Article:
The High Cost of Public Employee Health Benefits
August 12, 2011
In light of budget deficits and the need to identify ways to reduce spending in states across the United States, public discussion has increasingly focused on health care costs for public employees. Much of that discussion has focused on the relatively low share of insurance premiums paid by government workers when compared with their private-sector counterparts. Although this is a real phenomenon, it is not the only, or even the most important, reason for high health insurance costs, says Josh Barro, the Walter B. Wriston Fellow at the Manhattan Institute.
Among the reasons identified for the cost differences are:
- Public employees contribute less to their premiums -- an average of about 15 percent of the overall premium, compared with about 25 percent in the private sector.
- Public employee plans offer more generous benefits, including lower deductibles and lower copayments.
- Governments require shorter enrollment waiting periods for new employees than in the private sector.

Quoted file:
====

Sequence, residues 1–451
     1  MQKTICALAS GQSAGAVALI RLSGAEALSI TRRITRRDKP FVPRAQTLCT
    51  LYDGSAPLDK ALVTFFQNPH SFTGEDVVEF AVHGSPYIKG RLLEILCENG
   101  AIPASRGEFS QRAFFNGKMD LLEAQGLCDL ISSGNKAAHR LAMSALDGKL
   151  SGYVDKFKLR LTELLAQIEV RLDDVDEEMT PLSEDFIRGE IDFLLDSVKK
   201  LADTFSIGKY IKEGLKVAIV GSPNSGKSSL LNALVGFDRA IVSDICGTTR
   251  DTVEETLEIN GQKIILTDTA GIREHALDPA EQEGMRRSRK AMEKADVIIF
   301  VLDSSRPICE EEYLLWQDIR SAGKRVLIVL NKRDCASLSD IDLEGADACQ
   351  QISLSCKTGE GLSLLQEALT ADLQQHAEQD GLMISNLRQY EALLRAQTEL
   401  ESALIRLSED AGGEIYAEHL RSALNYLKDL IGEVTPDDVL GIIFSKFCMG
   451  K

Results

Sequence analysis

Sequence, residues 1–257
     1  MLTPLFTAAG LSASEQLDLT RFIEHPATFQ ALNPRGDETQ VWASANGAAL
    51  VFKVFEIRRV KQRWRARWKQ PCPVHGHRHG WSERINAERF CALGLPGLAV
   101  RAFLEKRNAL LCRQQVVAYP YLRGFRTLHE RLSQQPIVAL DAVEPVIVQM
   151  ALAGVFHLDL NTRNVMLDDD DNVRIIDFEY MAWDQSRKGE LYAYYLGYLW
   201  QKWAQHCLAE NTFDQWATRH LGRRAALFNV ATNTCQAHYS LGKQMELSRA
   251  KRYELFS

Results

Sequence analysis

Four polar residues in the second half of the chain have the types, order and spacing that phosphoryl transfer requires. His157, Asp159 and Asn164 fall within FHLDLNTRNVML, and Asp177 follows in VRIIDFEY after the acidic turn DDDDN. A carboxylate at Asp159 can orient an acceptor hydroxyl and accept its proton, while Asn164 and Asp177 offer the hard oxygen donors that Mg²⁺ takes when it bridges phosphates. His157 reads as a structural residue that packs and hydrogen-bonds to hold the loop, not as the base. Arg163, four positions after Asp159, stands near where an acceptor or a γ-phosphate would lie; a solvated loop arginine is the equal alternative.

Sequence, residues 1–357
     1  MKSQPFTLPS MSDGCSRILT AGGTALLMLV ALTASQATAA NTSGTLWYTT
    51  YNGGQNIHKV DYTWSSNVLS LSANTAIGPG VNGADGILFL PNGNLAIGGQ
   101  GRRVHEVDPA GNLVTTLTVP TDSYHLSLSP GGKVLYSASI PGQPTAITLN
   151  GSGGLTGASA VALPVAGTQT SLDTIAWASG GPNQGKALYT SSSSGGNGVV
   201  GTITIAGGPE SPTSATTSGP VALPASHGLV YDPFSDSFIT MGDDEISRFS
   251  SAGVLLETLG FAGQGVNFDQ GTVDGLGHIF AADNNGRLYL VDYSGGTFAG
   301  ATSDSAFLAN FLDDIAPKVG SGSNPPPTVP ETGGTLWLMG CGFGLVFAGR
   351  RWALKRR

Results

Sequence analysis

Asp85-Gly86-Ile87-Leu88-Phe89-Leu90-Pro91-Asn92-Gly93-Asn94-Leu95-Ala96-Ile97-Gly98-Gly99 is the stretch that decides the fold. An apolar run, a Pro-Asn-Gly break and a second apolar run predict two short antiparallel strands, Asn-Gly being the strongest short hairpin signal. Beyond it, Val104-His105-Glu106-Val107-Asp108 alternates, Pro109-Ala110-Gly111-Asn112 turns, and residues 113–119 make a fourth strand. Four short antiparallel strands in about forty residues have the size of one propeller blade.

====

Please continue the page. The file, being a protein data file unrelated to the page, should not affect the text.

- Public employees have higher opt-in rates for employer-provided coverage: 26 percent of private-sector workers choose not to participate in available employer health plans, while just 16 percent of government workers chose not to.
Realigning government-employee contributions to match those of the private sector could save taxpayers millions of dollars a year. However, this simple approach does not bend the cost curve over time -- benefits will still continue to grow astronomically -- and further, it will understandably upset workers by reducing their take-home pay. Barro recommends instead that governments work more broadly to reduce their spending on health benefits -- including by reducing the overall cost of plans offered to employees.
Source: Josh Barro, "Cadillac Coverage: The High Cost of Public Employee Health Benefits," Manhattan Institute, August 2011.
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